Responsible Trekking Part I
There is no grander offering than The Great Outdoors. Sure, adventure tourism is no new phenomenon, but the integration of technology and reach of the Internet is popularizing it exponentially (even as you read this).
Having been born into loud, polluted, crowded cities and a ruthless rat race, we can’t help that our default settings are set at ‘GO, GO, GO!’ We tend to carry this unnatural energy, or pace, to the outdoors as herds of people flocking to the top of the hill without a pause, or second glance, for that which surrounds.
It is important to break away from this ‘herd mentality’ and engage with the outdoors in an interactive, educative and responsible way, for the sake of your own safety and so we can contribute to sustain these ancient, timeless environs so they may outlive us all.
Here are some suggestions to practice responsible trekking:
- Suitable location, trail and local handler: Thorough research and groundwork should be the basis for choosing a suitable location and trail. If you are venturing into unknown territory, it is wise to employ the services of a local handler to take you around.
- Group size and limitations: Ensure the group size is conducive to what you’re looking to achieve; it is ideal for all members to share the same vibe. Once you know who all are going, get a general idea of any physical or mental limitations such as a phobia of heights, respiratory conditions, recent accidents injuries, handicaps and so on. Keep the group size manageable.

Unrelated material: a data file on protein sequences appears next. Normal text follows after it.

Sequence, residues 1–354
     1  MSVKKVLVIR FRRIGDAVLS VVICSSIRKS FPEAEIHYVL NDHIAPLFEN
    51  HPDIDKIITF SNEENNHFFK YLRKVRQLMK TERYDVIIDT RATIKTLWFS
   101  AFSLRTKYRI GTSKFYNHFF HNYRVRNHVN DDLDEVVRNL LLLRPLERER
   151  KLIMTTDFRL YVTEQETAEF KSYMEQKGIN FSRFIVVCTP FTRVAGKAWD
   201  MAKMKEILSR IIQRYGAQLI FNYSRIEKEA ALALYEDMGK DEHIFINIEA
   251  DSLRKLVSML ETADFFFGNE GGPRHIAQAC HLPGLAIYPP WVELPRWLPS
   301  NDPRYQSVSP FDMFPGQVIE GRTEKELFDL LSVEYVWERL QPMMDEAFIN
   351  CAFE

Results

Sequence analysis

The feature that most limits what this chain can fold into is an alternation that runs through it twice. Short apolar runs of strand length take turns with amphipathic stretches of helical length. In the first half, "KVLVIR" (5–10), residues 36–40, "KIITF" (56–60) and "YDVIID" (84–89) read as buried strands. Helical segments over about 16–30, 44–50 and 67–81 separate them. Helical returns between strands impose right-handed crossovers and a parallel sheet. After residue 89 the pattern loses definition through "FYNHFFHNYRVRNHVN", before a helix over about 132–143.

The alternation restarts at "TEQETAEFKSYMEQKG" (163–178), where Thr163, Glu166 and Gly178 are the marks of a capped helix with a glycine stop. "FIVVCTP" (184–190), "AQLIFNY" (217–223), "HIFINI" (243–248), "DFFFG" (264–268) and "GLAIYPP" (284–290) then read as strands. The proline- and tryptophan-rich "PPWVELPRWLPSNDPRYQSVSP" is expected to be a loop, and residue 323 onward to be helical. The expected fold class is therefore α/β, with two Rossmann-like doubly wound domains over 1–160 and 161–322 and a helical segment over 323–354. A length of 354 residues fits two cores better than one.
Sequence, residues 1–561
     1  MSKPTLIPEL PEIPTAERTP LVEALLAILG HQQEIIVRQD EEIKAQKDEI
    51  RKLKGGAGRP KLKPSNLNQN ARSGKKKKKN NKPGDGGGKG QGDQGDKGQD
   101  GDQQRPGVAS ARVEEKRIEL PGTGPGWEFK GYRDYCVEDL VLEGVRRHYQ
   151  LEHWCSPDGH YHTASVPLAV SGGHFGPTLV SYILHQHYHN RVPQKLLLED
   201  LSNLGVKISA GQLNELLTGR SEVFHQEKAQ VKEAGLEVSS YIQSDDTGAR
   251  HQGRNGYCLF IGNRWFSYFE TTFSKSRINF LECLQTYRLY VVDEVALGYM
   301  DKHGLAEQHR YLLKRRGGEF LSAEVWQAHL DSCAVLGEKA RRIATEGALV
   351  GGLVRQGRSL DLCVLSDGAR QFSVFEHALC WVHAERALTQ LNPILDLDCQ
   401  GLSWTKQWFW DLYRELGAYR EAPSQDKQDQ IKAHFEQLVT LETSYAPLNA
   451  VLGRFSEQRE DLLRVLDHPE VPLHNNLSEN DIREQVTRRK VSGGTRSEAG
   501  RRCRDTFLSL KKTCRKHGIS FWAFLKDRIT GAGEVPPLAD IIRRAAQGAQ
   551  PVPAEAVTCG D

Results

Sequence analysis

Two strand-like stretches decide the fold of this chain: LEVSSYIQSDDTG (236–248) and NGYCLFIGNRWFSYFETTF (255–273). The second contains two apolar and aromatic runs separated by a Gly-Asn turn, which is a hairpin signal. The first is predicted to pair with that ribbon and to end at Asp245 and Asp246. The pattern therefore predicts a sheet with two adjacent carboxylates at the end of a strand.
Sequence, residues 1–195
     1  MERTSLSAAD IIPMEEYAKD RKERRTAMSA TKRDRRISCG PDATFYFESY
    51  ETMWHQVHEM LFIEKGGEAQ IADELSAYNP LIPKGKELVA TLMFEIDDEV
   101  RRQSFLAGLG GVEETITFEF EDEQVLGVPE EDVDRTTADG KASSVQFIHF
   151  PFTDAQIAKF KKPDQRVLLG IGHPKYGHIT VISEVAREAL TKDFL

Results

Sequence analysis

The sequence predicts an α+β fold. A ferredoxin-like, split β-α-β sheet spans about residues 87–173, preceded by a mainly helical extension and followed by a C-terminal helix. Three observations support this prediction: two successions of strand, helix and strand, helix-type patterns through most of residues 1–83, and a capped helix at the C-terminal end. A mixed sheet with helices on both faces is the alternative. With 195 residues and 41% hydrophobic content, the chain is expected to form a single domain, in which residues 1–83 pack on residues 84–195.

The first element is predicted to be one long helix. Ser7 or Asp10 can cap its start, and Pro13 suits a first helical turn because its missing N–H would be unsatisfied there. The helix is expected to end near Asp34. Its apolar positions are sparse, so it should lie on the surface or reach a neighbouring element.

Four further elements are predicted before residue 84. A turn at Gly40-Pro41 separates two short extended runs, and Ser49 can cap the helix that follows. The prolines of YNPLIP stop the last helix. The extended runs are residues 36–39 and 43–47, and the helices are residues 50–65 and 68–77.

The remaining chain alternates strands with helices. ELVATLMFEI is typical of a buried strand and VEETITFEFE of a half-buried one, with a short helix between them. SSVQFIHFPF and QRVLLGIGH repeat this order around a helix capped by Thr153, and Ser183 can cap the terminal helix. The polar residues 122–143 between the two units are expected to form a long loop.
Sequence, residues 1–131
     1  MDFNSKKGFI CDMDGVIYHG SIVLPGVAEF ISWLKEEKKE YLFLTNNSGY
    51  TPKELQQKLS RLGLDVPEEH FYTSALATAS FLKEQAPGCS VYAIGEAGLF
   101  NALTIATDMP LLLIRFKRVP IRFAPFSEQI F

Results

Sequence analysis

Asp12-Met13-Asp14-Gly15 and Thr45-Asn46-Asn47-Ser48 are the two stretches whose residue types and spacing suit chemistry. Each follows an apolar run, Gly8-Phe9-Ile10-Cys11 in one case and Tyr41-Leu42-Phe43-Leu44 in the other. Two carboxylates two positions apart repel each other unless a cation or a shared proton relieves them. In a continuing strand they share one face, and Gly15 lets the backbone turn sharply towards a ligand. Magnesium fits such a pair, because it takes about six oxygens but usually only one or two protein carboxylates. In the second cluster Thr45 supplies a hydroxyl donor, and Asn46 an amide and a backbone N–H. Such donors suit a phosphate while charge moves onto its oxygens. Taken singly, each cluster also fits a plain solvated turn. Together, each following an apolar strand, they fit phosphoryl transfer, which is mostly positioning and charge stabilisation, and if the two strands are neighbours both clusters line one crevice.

- Food and water: This is key. Carry sufficient (remember everybody gets ten times more hungry and thirsty when trekking) rations and drinking water. Choose nourishing, high-energy snacks like fruits or dry fruits over empty calories.
- Plan for the season: Based on the months you are visiting, find out what the typical climatic conditions will be and pack accordingly. You don’t want to be stuck without a raincoat in a tropical torrential downpour, or carry a bulky sweater while the sun shines all through. The clothes on your back constitute shelter in many ways; think it through.
- First-aid kit: This is a must-have. The basics to include are paracetamol, anti-allergens, painkillers, band-aids, crepe bandages, cotton, and anti-septic. Again, do a quick check to understand the group’s medical needs. Make sure everybody knows their blood groups, it is (unbelievably and incredibly) common for some to live out an entire lifetime without the slightest clue as to what type blood runs through their veins!
- Base camps: Locate and identify your bases and make sure to pace yourself accordingly while trekking. Bear in mind that you have limited daylight hours. Always aim to make it to base camps before sun down.
- Torch, shoes, water bottle: These are non-negotiable and there can be no sharing, either. Organize 1 to 2 liters for each or a large collective source of water. It is wise to put together a GO-TO emergency kit with first aid, water bottles, ropes, lighter, minimum quantity of fuel and a multi-tool.
- Connectivity: Make sure you have at least one sim card with basic connectivity even in remote areas. In the south of India, BSNL has – time and again – proven to be the savior of emergencies.
- Identification: All members must carry some form of identification at all times.
More next time, in Responsible Trekking Part II, on ethics and practices.
**Please note that this article has been written with casual hiking in mind, and does not cater to high-altitude trekking, mountaineering and/or long duration camping.